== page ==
Quiet Friday: Kuvikas to Taqueté and video

The color is rich, the drape is fluid, and the pattern in the lustrous cloth is eye-catching. “Kuvikas to taqueté” was not an easy project. Eight shafts, double treadling, and double-bobbin shuttles with slick 8/2 Tencel weft. But the fabric is incredible!

Warp chain of 8/2 cotton.

Warp chain of 8/2 cotton hanging from warping reel.

Thanks to a unusual tie-up, two treadles are pressed simultaneously, something I had not thought possible for a countermarch loom. I started with kuvikas (summer and winter), which has tabby picks between the pattern picks. The dark teal 8/2 cotton tabby weft and the bright teal Tencel pattern weft produce a tone-on-tone effect for the square and stripe patterns. These two pieces will become the front and back of a throw pillow.

Kuvikas on the loom. (Summer and Winter)

Kuvikas panel 1 complete. I always use red thread for a cutting line between pieces, so there is no accidental cutting in the wrong place.

I then changed the treadle tie-up to switch from kuvikas to taqueté. The taqueté has no tabby weft. The teal and cream Tencel weft threads lay back-to-back, producing a double-faced fabric. This piece is being used as a table runner.

Kuvikas to taqueté, change in treadle tie-up.

Stripes in kuvikas, and then square pattern in taqueté after changing the treadle tie-up.

Finished Tencel kuvikas (summer and winter) glistens!

Finished kuvikas glistens in the sunlight.

Enjoy the little slideshow video I made for you that follows the process from three lovely aquamarine warp chains to fabric glistening in the sun on a Texas hill country table.

May you finish something that is not easy.

Happy Weaving,
Karen

Do you remember my Handwoven Thick and Thin Towels (that appeared on the cover of Handwoven), and my Black and White Towels (These Sensational Towels)? I will be teaching a workshop on that thick and thin technique at Shoppes at Fleece ‘N Flax in beautiful Eureka Springs, Arkansas August 24 – 26, 2017. You’re welcome to join us! I’d love to see you there! Contact the shop at the number below if you are interested.

Our weaving classes for May, June and July are filled ( but you can sign up on a waiting list!) and we still have a few…

Posted by Shoppes at Fleece 'N Flax on Wednesday, May 10, 2017

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What a Cellist Weaves

I approach weaving like a musician. The looms are instruments, and everything is practice. When I was twelve years old I fell in love with the ‘cello and began learning to play the instrument. Over time, I discovered the value of mindful practice, the need for which is ongoing. It’s not perfection I’m after, but intent to apply all I’ve learned.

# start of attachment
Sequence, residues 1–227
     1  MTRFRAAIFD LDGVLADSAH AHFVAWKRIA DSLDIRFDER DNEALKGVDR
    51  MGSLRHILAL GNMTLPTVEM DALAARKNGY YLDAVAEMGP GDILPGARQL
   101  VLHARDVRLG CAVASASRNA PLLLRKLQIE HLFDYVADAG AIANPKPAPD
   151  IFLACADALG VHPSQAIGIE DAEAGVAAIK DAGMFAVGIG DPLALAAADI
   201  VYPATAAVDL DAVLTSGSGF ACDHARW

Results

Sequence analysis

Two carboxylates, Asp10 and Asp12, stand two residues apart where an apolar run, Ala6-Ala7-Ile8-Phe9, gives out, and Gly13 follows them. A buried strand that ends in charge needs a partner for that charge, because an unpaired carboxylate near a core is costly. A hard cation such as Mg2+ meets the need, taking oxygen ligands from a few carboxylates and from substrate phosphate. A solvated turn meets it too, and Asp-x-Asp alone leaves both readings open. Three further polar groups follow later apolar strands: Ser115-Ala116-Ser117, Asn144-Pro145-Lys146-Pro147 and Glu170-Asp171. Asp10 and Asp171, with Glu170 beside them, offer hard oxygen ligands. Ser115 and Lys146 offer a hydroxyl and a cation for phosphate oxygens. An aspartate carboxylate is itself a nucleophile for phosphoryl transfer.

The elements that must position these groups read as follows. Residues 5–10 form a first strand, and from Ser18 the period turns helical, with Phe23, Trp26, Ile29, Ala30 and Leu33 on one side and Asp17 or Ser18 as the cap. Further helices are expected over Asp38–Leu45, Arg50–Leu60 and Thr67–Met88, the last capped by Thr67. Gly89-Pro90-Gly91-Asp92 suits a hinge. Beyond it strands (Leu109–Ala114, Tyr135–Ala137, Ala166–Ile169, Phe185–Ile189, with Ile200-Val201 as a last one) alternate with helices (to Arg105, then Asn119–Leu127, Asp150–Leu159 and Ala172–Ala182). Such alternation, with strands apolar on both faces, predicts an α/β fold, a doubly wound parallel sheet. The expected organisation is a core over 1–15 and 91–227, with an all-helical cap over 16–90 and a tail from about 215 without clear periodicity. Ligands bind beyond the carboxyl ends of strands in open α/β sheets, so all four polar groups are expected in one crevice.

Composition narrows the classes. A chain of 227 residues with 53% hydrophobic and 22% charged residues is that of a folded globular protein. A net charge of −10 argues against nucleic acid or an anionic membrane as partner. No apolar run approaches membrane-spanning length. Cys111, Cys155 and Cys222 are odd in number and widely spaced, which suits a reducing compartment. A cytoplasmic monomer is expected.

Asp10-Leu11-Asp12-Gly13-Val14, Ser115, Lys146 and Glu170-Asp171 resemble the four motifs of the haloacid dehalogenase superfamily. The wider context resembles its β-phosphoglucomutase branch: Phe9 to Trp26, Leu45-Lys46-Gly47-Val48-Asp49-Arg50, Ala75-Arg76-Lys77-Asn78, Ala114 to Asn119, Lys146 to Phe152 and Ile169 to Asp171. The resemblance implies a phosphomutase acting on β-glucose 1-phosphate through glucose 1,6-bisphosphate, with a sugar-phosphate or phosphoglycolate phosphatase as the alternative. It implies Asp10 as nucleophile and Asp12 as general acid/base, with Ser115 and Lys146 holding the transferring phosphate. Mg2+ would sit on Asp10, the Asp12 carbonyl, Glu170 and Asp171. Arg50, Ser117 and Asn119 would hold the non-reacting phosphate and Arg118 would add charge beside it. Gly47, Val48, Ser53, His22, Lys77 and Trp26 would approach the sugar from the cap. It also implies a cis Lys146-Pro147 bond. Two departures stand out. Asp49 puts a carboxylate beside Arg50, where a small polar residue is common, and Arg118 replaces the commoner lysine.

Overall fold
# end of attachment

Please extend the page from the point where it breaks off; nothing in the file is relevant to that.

Glimakra band loom.

Finished woven band. 12/6 cotton for warp and 16/1 linen for weft.

Band loom woven cord for cello endpin stop.

Small slider is added to make the cord’s length adjustable.

This once, my weaving and ‘cello playing overlap. My husband designed this cello endpin stop for me! I got to weave a cord on my band loom that connects the pieces together. (I showed you the beginning steps in Finer Weft for a Stronger Cord.)

Hand-crafted cello endpin stop, with handwoven band.

Hand-crafted ‘cello endpin stop.

Hand-crafted cello endpin stop.

‘Cello and me.

What if our interactions with people are opportunities to practice real love? It’s no big deal if I love those who love me. Or, do good when I know someone will return the favor. Or, lend to someone who will pay me back. Real love is loving those who don’t love you back. That takes practice. When we love, do good, and give, expecting nothing in return, we start to resemble God’s character. No, we won’t attain His perfection, but when we apply all He’s taught us, we begin to look like His children. For He loved us long before we loved Him back.

May you practice real love.

Love,
Karen

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Cloth Beam Matters

Does it matter what happens at the cloth beam? Why not let the woven fabric go around the beam as is and forget about it? You have worked diligently at every stage to ensure an even warp. Now, preparing the cloth beam for cloth will ensure the warp remains even.

Warping slats are placed on the cloth beam.

Warping slats cover the cords and knots on the cloth beam so the handwoven fabric has a flat surface to lay against.

Warping slat over the tie-on bar prevents the tie-on threads from putting bulges in the fabric. Bulges can distort the fabric and put uneven tension on warp ends.

Warping slats around the cloth beam for a smooth start.

When the warping slats have covered one full revolution of the cloth beam, no more slats are needed. The twill pre-measured tape on the floor gives a clue to the extended length of this table runner on the loom.

The cloth beam holds obstacles that threaten the evenness of your warp. Any raised surface on the beam, like beam cords and tie-on knots, will distort the warp tension as the woven fabric wraps around it. Warping slats solve the problem. I lay in the slats around the beam, one by one, as I advance the warp. This forms a flat surface around which my freshly-woven fabric can hug as the cloth beam turns.